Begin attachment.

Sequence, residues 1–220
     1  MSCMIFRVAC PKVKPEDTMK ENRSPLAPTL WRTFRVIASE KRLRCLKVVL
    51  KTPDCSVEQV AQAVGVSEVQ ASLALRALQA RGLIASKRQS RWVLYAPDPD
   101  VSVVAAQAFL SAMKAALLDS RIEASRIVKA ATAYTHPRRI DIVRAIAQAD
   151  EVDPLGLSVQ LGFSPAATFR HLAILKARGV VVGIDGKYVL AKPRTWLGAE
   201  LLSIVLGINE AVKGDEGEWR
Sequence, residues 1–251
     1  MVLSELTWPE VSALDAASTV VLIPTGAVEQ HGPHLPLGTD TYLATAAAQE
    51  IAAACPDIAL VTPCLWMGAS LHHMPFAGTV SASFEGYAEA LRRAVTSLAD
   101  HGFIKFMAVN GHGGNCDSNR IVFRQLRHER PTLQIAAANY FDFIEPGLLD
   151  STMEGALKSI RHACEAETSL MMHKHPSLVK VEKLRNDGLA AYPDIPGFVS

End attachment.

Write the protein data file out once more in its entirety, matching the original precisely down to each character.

Sequence, residues 1–220
     1  MSCMIFRVAC PKVKPEDTMK ENRSPLAPTL WRTFRVIASE KRLRCLKVVL
    51  KTPDCSVEQV AQAVGVSEVQ ASLALRALQA RGLIASKRQS RWVLYAPDPD
   101  VSVVAAQAFL SAMKAALLDS RIEASRIVKA ATAYTHPRRI DIVRAIAQAD
   151  EVDPLGLSVQ LGFSPAATFR HLAILKARGV VVGIDGKYVL AKPRTWLGAE
   201  LLSIVLGINE AVKGDEGEWR
Sequence, residues 1–251
     1  MVLSELTWPE VSALDAASTV VLIPTGAVEQ HGPHLPLGTD TYLATAAAQE
    51  IAAACPDIAL VTPCLWMGAS LHHMPFAGTV SASFEGYAEA LRRAVTSLAD
   101  HGFIKFMAVN GHGGNCDSNR IVFRQLRHER PTLQIAAANY FDFIEPGLLD
   151  STMEGALKSI RHACEAETSL MMHKHPSLVK VEKLRNDGLA AYPDIPGFVS